Artificial speech for intensive care unit (ICU) patients and laryngectomees
Thesis DisciplineElectrical Engineering
Degree GrantorUniversity of Canterbury
Degree NameDoctor of Philosophy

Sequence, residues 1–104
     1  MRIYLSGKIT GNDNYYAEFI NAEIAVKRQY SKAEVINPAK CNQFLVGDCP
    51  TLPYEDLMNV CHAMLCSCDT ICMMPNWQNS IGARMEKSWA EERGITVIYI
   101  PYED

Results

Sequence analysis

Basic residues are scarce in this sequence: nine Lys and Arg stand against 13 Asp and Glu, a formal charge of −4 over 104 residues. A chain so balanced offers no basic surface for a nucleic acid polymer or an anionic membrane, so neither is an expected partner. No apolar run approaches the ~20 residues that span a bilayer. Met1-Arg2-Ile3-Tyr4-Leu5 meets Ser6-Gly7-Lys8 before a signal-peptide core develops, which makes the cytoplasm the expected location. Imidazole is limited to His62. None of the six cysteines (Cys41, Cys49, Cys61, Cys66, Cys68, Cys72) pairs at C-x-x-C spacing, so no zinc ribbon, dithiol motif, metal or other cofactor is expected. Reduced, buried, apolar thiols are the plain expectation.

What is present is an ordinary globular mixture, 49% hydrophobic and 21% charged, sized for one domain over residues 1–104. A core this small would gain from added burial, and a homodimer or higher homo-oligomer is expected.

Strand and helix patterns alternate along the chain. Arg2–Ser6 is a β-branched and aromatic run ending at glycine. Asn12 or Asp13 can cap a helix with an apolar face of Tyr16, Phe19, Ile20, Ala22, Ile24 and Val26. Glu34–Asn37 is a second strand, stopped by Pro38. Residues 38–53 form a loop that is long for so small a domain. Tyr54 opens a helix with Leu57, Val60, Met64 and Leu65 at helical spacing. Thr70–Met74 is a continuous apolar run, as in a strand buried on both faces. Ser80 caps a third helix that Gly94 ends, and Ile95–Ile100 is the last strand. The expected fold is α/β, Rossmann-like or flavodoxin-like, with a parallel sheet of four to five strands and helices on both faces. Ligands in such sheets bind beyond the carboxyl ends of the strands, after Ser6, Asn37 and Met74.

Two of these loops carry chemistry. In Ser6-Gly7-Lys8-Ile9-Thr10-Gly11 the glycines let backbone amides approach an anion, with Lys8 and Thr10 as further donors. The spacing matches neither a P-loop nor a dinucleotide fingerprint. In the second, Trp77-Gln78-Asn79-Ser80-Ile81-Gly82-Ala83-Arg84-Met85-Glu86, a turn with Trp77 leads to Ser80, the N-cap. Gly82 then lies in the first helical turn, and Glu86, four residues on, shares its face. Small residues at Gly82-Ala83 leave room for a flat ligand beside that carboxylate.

A method and prototype device to provide artificial speech for intensive care unit (ICU) patients and laryngectomees is presented. The method assists these patients to produce natural sounding speech by "mouthing the words". A review of the current communication techniques for these patients is presented. The limitations of these techniques suggests that there is a need for a device that produces natural sounding speech (pitch variation and glottal sound source that resembles the actual glottal pulse generated by the vibrating vocal folds) and a device that is user friendly. As vocal folds only vibrate during vowel production, only vowel sounds are considered. Since pitch variation plays a major role in the naturalness of a person's voice, a number of alternative (automatic) pitch control techniques were explored. A unique pitch control technique utilising the changes in jaw height when a person "mouth the words" is presented. The electroglottographic (EGG) signal is used as the glottal sound source signal for this research as the properties of the EGG signal offers a number of advantages compared with other glottal sound source measurement techniques. A new glottal source model known as the twin-bar model, based on EGG measurements from normal volunteers, is also introduced. This model changes the shape of the glottal pulse based on a single parameter: pitch. Perceptual testing of the simulated voice using the twin-bar glottal model and two other well-known models on volunteers showed that the twin-bar model produces more natural sounding voice than the other two models. A new artificial speech system combining the automatic pitch control technique (jaw height) and the glottal sound source (twin-bar model) was constructed. It also includes a number of extra functions that would further improves the speech produced with this system. Existing technology on a laptop (e.g. serial port communication, bluetooth transceivers and USB port) is utilised for the construction of the prototype, with the laptop as the signal processing unit. The prototype was tested on a normal subject.